Act comes under scrutiny
30/07/2007 The Star
There is a lot of uncertainty pertaining to the Building and Common Property
(Maintenance and Management) Act, 2007 and industry players, including
purchasers, want it to be further fine-tuned
THE new Building and Common Property (Maintenance and Management) Act 2007 (BCPMM
Act) that was gazetted on April 12 came under intense scrutiny at a seminar
on property management recently.
While the lively one-day seminar on Defusing the Property Management Time
Bomb held in Petaling Jaya once again focussed on the perennial problem of
stratified properties, speakers and participants also brought up many grey
areas in the new Act.
Although the Act is aimed at plugging loopholes and grey areas not covered
by the Strata Titles Act, it is felt that it has to be fine-tuned to be
effective and fair.
Under the BCPMM Act, the roles of the developers, buyers (parcel owners) and
management corporations (MC) are clearly defined and three new bodies were
introduced to implement proper building maintenance, namely the joint
management body (JMB), the commissioner of buildings (COB) and managing
The role and responsibilities of developers of stratified properties are
limited to only one year. After that a JMB must be formed to manage and
maintain the common property until the issuance of strata titles and
formation of the MC.
The COB is a new authority established by the Government to oversee and
enforce the Act. The COB is also responsible for adjudicating all recovery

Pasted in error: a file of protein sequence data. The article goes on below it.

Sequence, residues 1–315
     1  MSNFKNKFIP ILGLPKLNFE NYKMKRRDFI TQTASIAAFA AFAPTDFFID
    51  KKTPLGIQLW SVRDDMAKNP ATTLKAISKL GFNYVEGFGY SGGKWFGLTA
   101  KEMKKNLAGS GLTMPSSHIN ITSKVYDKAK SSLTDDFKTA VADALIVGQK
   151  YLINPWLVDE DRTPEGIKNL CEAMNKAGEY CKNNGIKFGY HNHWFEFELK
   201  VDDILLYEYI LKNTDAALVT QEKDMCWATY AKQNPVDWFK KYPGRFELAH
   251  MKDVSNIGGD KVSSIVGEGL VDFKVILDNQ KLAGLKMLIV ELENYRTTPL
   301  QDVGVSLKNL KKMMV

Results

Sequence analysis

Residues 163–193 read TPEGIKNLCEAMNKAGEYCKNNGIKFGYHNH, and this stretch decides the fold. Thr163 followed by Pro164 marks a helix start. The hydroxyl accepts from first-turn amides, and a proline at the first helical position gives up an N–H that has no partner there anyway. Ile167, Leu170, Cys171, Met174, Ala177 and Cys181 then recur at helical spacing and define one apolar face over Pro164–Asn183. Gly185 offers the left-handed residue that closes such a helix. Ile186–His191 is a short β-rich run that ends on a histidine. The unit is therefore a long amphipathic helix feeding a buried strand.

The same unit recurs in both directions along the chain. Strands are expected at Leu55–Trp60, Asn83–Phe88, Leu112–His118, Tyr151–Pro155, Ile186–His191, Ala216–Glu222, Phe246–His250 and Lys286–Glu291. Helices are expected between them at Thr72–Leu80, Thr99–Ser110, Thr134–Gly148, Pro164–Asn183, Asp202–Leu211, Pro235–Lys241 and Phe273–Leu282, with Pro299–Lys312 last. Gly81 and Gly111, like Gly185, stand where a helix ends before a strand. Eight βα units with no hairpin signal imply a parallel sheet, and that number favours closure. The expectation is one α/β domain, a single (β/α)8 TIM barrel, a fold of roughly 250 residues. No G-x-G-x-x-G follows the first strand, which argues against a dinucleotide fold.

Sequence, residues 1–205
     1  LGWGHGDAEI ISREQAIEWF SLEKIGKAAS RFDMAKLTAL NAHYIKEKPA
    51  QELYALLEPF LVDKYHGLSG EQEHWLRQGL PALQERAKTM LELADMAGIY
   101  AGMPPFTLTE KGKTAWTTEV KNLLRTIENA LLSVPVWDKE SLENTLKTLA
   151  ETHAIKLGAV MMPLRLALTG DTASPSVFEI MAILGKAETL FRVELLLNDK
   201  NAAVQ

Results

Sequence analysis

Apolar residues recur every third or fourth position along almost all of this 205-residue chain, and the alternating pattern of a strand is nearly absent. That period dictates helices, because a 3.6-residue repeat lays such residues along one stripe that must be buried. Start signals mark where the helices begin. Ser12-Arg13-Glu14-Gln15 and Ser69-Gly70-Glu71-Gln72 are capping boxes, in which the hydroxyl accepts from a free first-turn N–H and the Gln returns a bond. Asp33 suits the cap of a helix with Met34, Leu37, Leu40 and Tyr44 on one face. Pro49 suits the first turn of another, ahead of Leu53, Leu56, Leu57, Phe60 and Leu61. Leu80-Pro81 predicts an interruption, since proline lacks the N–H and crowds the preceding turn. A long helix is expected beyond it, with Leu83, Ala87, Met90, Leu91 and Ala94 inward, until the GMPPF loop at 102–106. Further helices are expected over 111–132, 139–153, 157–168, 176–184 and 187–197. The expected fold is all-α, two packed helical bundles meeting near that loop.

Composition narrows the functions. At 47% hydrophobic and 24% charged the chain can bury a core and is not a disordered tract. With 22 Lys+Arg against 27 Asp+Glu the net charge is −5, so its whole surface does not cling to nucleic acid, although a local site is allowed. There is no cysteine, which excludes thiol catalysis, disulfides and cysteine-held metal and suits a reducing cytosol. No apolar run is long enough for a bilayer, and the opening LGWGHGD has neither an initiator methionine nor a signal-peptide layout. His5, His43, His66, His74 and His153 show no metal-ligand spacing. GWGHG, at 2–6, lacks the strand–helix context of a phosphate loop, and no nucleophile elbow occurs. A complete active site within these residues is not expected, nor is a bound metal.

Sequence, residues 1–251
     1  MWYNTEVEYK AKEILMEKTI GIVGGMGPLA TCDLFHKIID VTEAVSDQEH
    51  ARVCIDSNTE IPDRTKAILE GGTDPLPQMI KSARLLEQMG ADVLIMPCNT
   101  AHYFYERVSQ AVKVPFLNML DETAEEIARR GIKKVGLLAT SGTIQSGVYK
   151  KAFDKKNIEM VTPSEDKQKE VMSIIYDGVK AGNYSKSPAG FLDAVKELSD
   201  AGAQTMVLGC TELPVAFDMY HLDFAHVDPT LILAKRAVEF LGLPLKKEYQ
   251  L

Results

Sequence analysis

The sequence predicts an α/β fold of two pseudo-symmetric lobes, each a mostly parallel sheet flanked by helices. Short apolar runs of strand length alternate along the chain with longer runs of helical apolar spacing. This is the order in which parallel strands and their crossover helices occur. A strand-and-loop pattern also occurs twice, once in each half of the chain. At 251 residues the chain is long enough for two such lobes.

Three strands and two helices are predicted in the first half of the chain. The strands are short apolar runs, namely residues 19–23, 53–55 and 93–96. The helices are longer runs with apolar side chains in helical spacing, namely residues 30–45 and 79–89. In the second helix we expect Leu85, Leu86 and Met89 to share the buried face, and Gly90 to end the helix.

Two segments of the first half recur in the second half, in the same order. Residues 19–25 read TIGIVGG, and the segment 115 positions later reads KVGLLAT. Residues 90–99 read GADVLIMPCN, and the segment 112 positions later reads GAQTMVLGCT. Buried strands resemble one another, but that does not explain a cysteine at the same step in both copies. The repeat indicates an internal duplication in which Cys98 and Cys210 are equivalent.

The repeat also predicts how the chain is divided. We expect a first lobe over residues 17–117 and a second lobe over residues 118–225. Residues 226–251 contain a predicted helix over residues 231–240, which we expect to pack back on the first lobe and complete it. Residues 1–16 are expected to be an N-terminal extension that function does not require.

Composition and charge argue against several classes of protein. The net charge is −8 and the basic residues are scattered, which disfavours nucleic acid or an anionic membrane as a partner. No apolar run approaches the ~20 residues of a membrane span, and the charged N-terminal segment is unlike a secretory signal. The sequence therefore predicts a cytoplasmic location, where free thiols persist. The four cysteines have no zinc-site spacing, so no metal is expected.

procedures against errant parcel owners.
All stratified properties, including low-cost flats, apartments,
condominiums, town houses, shopping complexes, industrial buildings, shop
offices and gated communities, fall under the BCPMM Act.
The seminar raised many issues.
Lawyer Lee Kim Noor, in her paper COB: The Mission Impossible, said although
the BCPMM Act was intended to help purchasers, it was a “double-edged sword”
as now JMB members could be jailed or fined heavily for offences under the
For example, if they fail to dissolve the JMB within a month from the first
meeting of the MC, every JMB member could be fined RM10,000. Such punitive
actions, she said, would deter parcel owners from wanting to be elected to
She said there was also the question of who should be the COB. “The COB
should be formed before the BCPMM Act comes into force. It is too wide and
ambitious. It gives the COB so many duties, but it does not have the power
of a Consumers Tribunal in handing down judgments.”
She said the drafter of an Act should be more open-minded before finalising
Another grey area is the JMB's first meeting where election is by a show of
hands. Lee said a developer may own 80% of the properties but it had only
one vote. There is nothing mentioned whether a show of hands or ballot is
required for subsequent meetings.
Another issue is the procedure for recovery of service charge arrears that
differed between the BCPMM Act and the Strata Titles Act. “The COB should